Stanley Kurtz, senior fellow at Stanford University’s Hoover Institute, reported in April of 2004 before the House Judiciary Committee that there is ample evidence available in Scandinavia demonstrating the effect of devolving marriage to include couples of the same sex. Dr. Kurtz holds a PhD in social anthropology from Harvard University and is regarded as both an excellent scholar and expert in this area. Commenting on the situation in Sweden, Kurtz writes:
Indeed, in Sweden the out-of-wedlock birthrate is 55 percent, Norway is 50 percent, Iceland is approaching 70 percent, and in Denmark 60 percent of firstborn children are born out of wedlock. So what? you ask. So cohabitation has replaced marriage, big deal; men and women are still having children, only without the formality of a marriage certificate. What’s the problem? According to Dr. Kurtz, studies in these countries demonstrate that these unmarried families break up at a rate two to three times that of married couples. This has only exacerbated the welfare state that is unparalleled in Scandinavia. Kurtz points out that “no western nation has a higher percentage of public employees, public expenditures, or higher tax rates than Sweden.”
And what does this have to do with SSM? All of the Scandinavian countries mentioned embraced de facto same-sex marriage, beginning with Denmark in 1989. The out-of-wedlock birth rates mentioned experienced their most dramatic increases in the decade following the acceptance of SSM in these countries. The separation of marriage from procreation and parenting was already increasing, as it is here; SSM only widened the separation. “In Scandinavia, gay marriage has driven home the message that marriage itself is outdated, and that virtually any family form, including out-of-wedlock parenthood is acceptable” (Kurtz, “The End of Marriage”).
Dr. Kurtz offers further insight into the connection between cohabitation, rising out-of-wedlock birthrates, and same-sex marriage:
Kurtz concludes by saying, “This suggests that gay marriage is both an effect and a cause of the increasing separation between marriage and parenthood. As rising out-of-wedlock birthrates disassociate heterosexual marriage from parenting, gay marriage becomes conceivable” In essence, SSM is simply the extreme and final step in a culture’s descent from absolute monogamy.
Again, if marriage is only about a relationship between two people, and is not intrinsically connected to procreation and parenthood, why shouldn’t same-sex couples be allowed to marry? As Kurtz points out, “it quite naturally follows that once marriage is redefined to accommodate same-sex couples, that change cannot help but lock in and reinforce the very cultural separation between marriage, procreation and parenthood that makes gay marriage conceivable to begin with.” The die will be cast and the effects inevitable.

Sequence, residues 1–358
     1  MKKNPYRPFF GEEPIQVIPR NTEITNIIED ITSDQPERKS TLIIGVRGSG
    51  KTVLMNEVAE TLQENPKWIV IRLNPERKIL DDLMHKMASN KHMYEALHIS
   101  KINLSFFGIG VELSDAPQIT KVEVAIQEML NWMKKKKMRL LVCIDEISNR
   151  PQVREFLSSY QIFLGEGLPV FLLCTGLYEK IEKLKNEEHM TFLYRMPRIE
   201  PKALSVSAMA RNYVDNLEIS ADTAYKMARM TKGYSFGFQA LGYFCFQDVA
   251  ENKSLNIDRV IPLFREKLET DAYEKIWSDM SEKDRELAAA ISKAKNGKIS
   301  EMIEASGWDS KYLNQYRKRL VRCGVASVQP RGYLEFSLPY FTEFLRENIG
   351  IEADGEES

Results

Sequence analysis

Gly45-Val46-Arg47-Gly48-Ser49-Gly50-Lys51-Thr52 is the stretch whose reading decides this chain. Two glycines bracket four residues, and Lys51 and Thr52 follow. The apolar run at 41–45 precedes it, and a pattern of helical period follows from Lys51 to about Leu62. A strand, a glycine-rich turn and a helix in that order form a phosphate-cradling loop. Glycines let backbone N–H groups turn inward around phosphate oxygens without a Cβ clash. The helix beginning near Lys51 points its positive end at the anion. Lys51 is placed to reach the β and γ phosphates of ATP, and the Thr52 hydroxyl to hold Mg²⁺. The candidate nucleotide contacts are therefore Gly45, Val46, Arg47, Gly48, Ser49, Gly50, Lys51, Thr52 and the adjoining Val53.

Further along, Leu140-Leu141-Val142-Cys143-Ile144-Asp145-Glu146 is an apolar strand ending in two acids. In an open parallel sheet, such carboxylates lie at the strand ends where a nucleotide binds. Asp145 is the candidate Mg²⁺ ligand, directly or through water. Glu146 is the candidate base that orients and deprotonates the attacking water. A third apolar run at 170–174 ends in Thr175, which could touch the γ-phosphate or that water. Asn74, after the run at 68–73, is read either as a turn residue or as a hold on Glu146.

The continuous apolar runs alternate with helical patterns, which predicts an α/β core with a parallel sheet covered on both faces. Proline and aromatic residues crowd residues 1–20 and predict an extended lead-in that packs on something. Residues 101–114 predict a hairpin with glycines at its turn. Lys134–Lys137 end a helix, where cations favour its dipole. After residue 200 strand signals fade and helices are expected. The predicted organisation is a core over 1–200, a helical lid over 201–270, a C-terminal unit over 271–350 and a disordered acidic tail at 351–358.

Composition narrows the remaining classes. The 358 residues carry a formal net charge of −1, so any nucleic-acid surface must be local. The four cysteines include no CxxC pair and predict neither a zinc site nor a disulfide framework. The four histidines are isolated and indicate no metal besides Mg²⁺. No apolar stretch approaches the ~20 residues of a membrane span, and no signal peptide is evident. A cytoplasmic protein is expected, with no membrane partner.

Furthermore, gay marriage has not strengthened the institution of marriage by promoting fidelity and commitment among gays in Scandinavia, as some suggest it will do here. In fact, take-up rates on gay marriage are exceedingly small. Yale law professor William Eskridge (an advocate for gay marriage) acknowledged this when “he reported in 2000 that only 2372 couples had registered after nine years of the Danish law going into effect, 674 after four years in Norway, and only 749 couples after four years in Sweden” (Kurtz, “The End of Marriage”). Here again, Kurtz is helpful in illuminating our understanding:
According to Halvorsen, many of Norway’s gays imposed self-censorship during the marriage debate, in order to hide their opposition to marriage itself. The goal of the gay marriage movements in Norway and Denmark, say Halvorsen and Bech, was not marriage but social approval for homosexuality. Halvorsen goes on to suggest that the low numbers of registered gay couples may be understood as a collective protest against the expectations (presumably, monogamy) embodied in marriage.
While the sky may not have fallen, effects that have historically taken generations to produce have already begun to manifest within just twenty years of the acceptance of SSM in Scandinavia, the first nations to risk their future on this perilous social experiment.
© 2008 by S. Michael Craven
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S. Michael Craven is the founder and President of the Center for Christ & Culture. Michael is the author of Uncompromised Faith: Overcoming Our Culturalized Christianity, published by Navpress and scheduled for release January 2009. Michael's ministry is dedicated to renewal within the Church and works to equip Christians with an intelligent and thoroughly Christian approach to matters of culture in order to demonstrate the relevance of Christianity to all of life. For more information on the Center for Christ & Culture, the teaching ministry of S. Michael Craven, visit: www.battlefortruth.org
Michael lives in the Dallas area with his wife Carol and their three children.
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